This past November, my family and I decided to head out of town for a bit of a Thanksgiving “staycation” in Orlando. Rather than spend the typically stress-filled weekend running around like a turkey with our head cut off, we’d instead be pampered, served, and introduced to the joys of footgolf.
Along for the ride – actually, our ride itself – was a spicy-hot red Lexus IS200t courtesy of DriveShop USA.
The littlest Lexus provided everything a family ready to spend hours on the road would expect; it possessed style, space, power, and comfort.
The twice-removed blood ties to Toyota’s appliance-on-wheels Camry were apparent…but the IS200t was just a little bit “extra. For better, and for worse.
Your first impression of this particular Lexus IS200t might range from shock to admiration, to suspicion. This thing wasn’t red; it was R.E.D. I drove around in constant fear of hordes of enraged bulls relentlessly assaulting the car from all angles.
This particular shade made the Lexus IS200t easy to spot in parking lots, and emphasized many of the already dramatic styling cues.
I loved it – at first. Unfortunately, nothing else about the car matched the bold color choice. The IS200t was quiet both inside and out. It rode smoothly. It was practical and technologically-advanced. For all intents and purposes, this was a luxury car in an elaborate costume. It was water, saturated in neon food coloring, and packaged as an infused, post-workout hydration supplement.
The contrast was jarring, and didn’t sit right with me…no matter how many times I stole glances at it every time we passed the hotel parking lot.
The Lexus IS200t is equipped with a 2.0 liter, turbocharged 4-cylinder engine making a smidgen over 240 horsepower. Lexus introduced this option in 2016 with the goal of providing performance and efficiency. Mission somewhat accomplished.
The small turbo and direct injection combine for a surprising surge of mid-range torque. Dip your foot into the throttle, allow the car to downshift right into its sweet spot, and suddenly there’s no mistaking you aren’t in your aunt’s Camry.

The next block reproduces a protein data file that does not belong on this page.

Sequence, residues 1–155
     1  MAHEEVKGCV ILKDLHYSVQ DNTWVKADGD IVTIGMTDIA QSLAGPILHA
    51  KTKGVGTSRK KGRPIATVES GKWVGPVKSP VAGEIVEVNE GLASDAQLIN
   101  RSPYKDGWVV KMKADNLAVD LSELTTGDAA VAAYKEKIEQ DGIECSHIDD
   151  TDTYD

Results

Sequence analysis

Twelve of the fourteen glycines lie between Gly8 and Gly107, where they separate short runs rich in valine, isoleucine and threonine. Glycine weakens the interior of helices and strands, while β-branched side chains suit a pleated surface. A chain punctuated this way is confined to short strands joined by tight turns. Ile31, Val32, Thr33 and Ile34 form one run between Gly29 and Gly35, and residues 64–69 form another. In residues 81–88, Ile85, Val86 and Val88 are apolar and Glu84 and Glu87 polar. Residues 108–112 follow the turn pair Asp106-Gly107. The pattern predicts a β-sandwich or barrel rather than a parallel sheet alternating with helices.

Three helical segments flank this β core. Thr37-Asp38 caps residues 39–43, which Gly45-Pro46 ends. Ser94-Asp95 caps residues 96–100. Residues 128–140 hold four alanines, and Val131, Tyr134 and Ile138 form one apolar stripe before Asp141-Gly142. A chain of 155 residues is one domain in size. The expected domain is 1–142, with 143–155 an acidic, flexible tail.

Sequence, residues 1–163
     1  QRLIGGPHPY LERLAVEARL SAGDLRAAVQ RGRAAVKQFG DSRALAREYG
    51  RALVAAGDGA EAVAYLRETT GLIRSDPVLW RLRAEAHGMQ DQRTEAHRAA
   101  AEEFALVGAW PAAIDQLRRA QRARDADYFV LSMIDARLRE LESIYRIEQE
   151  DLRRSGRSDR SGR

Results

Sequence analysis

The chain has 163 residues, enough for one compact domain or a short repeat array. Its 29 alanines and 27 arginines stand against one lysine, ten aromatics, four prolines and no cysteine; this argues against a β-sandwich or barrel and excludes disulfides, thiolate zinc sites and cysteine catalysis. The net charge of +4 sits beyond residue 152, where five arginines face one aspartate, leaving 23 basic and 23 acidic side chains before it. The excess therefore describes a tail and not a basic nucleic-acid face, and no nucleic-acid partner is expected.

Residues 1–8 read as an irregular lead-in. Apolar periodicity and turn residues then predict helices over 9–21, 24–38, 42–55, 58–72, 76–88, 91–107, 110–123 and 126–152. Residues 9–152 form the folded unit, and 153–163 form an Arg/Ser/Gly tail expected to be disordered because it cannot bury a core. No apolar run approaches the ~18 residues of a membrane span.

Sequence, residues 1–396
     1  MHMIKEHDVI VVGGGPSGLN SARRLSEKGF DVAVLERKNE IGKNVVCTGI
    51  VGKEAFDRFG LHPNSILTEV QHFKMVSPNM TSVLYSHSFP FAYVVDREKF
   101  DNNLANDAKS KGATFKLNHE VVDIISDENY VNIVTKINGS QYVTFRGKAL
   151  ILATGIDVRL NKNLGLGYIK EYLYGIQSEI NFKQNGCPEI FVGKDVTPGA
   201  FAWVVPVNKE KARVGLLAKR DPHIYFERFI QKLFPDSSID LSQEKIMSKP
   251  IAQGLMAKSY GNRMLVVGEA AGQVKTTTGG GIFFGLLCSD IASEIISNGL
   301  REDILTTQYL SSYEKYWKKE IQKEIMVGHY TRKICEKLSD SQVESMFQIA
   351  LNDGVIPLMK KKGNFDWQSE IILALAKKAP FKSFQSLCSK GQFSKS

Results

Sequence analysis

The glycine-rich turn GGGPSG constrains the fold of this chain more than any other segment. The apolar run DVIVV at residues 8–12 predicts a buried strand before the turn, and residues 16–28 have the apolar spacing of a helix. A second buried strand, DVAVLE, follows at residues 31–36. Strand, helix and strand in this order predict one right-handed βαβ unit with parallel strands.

Keep your foot down though, and the sensation dies as the RPMs climb. The engine runs out of breath quickly, subconsciously demanding your foot to back off; there’s nothing to see here. The engine’s Jekyll/Hyde character made it very responsive on surface streets in lower gears, but left plenty to be desired when passing a long line of snowbirds hogging the left lane of the turnpike.
The Lexus IS200t did return decent fuel economy, however. We averaged near 30 MPG over the course of our trip, which included around a 70/30 split between highway and city driving.
Please Find A Seat
Inside, the theme continued. The dashboard was remarkably styled, featuring multiple tiers which housed climate controls, a clock, and center-mounted touchscreen. Also present was Lexus’s touchpad located behind the shifter. I found it entirely unnecessary; it was finicky and hard to use, even after a week’s worth of practice.
Touching the screen itself required less distraction, and was much quicker.
The seats were upholstered in tight black leather, and appeared to be of high quality. Combined with the artsy dash set-up, the interior gave off an Avant-garde vibe unusual at this price point. However, Lexus once again strayed a little too far from their lane with the aggressive bolstering of the two front seats. Even after days of ingress and egress, I never got used to the deep bottom and high side bolsters.
Like the exterior color, they just didn’t fit the car, and became more annoying than curious given time. It was like attending a black-tie cocktail party with live music by the Foo Fighters. A combination of things that, while good on their own, needn’t be combined.
Be Careful What You Wish For
Despite my own criticisms, I do admit I appreciate the sporting intentions Lexus elected to pursue with this entry-level version of their rear wheel drive sedan. While the paint code and seats are probably more at home on a sports coupe, it would have been easy to go a more safe, boring route and pull in the slightly more adventurous Camry buyer.
Normally I’d clamor for this sort of direction, but in this instance, it just didn’t suit the car. The Lexus IS200t excels at being an ordinary car; the other novelties are just a little too much “extra.”